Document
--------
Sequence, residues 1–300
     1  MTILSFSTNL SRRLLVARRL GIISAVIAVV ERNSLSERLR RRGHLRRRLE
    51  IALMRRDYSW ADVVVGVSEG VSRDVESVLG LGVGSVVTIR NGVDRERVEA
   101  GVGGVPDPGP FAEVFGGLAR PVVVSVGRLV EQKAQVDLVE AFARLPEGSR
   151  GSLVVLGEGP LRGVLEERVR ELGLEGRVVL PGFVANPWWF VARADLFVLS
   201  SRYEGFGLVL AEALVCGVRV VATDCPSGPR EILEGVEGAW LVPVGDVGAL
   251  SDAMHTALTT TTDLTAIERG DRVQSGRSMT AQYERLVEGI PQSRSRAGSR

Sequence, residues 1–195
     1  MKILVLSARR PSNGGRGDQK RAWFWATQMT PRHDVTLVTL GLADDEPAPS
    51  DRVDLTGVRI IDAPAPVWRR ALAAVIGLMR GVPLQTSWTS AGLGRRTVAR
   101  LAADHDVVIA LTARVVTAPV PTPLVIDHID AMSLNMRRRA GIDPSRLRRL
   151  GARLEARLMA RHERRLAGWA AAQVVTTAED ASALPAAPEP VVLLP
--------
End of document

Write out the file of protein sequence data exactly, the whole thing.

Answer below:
Sequence, residues 1–300
     1  MTILSFSTNL SRRLLVARRL GIISAVIAVV ERNSLSERLR RRGHLRRRLE
    51  IALMRRDYSW ADVVVGVSEG VSRDVESVLG LGVGSVVTIR NGVDRERVEA
   101  GVGGVPDPGP FAEVFGGLAR PVVVSVGRLV EQKAQVDLVE AFARLPEGSR
   151  GSLVVLGEGP LRGVLEERVR ELGLEGRVVL PGFVANPWWF VARADLFVLS
   201  SRYEGFGLVL AEALVCGVRV VATDCPSGPR EILEGVEGAW LVPVGDVGAL
   251  SDAMHTALTT TTDLTAIERG DRVQSGRSMT AQYERLVEGI PQSRSRAGSR

Sequence, residues 1–195
     1  MKILVLSARR PSNGGRGDQK RAWFWATQMT PRHDVTLVTL GLADDEPAPS
    51  DRVDLTGVRI IDAPAPVWRR ALAAVIGLMR GVPLQTSWTS AGLGRRTVAR
   101  LAADHDVVIA LTARVVTAPV PTPLVIDHID AMSLNMRRRA GIDPSRLRRL
   151  GARLEARLMA RHERRLAGWA AAQVVTTAED ASALPAAPEP VVLLP